RadioShack plans to rigorously curtail costs in order to meet its goal of 13 percent to 15 percent annual earnings per share growth over the next three years despite sales gains in the low- to mid-single digits.
Laying out its game plan before analysts during a two-day investor conference, senior management cited projected sales growth of 2 to 3 percent at the low end of expectations and 4 percent to 5 percent at the high end through 2005.
To help it hit its earnings targets, the company is planning a series of vendor and price initiatives. Among the former: rationalizing its vendor base, extending payment terms, and centralizing product procurement to lower distribution and logistics costs.
On the pricing side, the retailer is implementing new software that will allow it to respond to market conditions with more dynamic pricing that should increase turns and help reduce markdowns.
The chain has also formed an internal cost team that is targeting ways to trim expenses, and will use its free cash flow to repurchase between $200 million and $250 million in RadioShack shares.
On the product front, the company said it is looking to accessories, wireless handsets and services, specialty batteries, digital photography, personal electronics and portable computing to drive business this year.
Its 2003 sales outlook by category is as follows:
Wireless: Modest sales gains of 3 percent to 4 percent, compared to 10 percent growth in 2002, buoyed by the newly attained ability to activate Sprint accounts in store.
Computers: Gains of 10 percent to 12 percent due to a shift toward home networking, digital imaging and portable computing, and away from desktops and monitors.
Home Entertainment: Flat to 2 percent, with gains in accessories and home video offset by declines in home satellite systems.
Three-year projections for its core product segments — which RadioShack describes as “servicing everyone’s routine electronic needs” — are as follows:
Computer accessories: “Strong double-digit” percentage growth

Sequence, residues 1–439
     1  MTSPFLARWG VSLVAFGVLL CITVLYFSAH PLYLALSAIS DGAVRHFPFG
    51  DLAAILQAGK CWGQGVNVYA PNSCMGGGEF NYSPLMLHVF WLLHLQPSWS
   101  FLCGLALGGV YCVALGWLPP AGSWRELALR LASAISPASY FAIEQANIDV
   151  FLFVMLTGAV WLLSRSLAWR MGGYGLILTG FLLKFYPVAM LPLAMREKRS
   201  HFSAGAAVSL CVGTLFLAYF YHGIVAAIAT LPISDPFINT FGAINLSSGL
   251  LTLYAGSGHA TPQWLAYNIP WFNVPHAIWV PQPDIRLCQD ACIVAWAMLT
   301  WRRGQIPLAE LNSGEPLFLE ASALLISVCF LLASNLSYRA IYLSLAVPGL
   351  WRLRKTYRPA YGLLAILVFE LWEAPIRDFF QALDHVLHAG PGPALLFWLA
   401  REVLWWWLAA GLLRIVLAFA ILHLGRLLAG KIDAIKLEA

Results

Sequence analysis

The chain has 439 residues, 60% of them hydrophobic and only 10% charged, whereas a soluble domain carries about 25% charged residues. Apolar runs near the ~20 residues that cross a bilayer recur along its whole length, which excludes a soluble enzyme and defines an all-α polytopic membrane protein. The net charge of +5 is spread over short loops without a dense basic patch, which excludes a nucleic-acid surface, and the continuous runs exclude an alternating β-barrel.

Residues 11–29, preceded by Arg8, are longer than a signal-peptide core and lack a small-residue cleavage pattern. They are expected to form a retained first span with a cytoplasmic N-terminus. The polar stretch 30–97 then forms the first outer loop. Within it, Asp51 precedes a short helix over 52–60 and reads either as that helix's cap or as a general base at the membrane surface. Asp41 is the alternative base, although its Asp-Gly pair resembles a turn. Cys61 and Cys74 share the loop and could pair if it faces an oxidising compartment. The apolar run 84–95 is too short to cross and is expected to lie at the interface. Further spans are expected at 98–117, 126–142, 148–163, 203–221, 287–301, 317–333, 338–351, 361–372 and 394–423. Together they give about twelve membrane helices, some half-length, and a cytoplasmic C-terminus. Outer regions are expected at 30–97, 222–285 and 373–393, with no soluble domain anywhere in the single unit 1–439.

Home entertainment accessories: Mid-single digit gains
Wireless accessories: 10 percent growth
Batteries: High single-digit growth
RadioShack plans to meet those expectations through better in-store space allocation, improved brand and product assortment, depth of stock, associate training and improved organizational focus. The latter includes better management reporting systems, aligned compensation plans and enhanced speed to market, the company said.
To further sharpen its sales force, RadioShack is implementing Mystery Shopper and Floor Leader programs this year. The former is designed to monitor, measure and drive progress in associates’ efforts to add on accessories with sales tickets, while the latter, to be tested selectively, will give greater recognition and accountability to high-performing staffers.
The company will also change its merchandising approach by competing in selective product categories, shifting its focus toward families, and planning its merchandising seasonally rather than annually. Similarly, sales events will become more “diversified,” management said, with “family communications sales” supplanting “wireless sales,” by way of example.
On the store front, the retailer reported that it had completed the wideband wiring of all locations last year, allowing for in-store handset activation, faster battery identification and product stock information, and ticket look-up functionality for speedier returns. The company noted that high-speed connectivity has cut the time of common in-store tasks — which are repeated hundreds of thousands of times per month — by two to five minutes.
Executives added that while the recent round of store retrofits made a negligible impact on the attachment rates of accessories, initial results indicate improved sales performance by RadioShack’s 37 new Best to Shop concept stores, currently being tested in Tucson, Ariz. and Jacksonville, Fla. (See TWICE, Jan. 9, p. 78.)
Indeed, 227 more concept stores will be built or converted this year, the company announced, although further analysis of their return on invested capital is necessary before pursuing a nationwide rollout.
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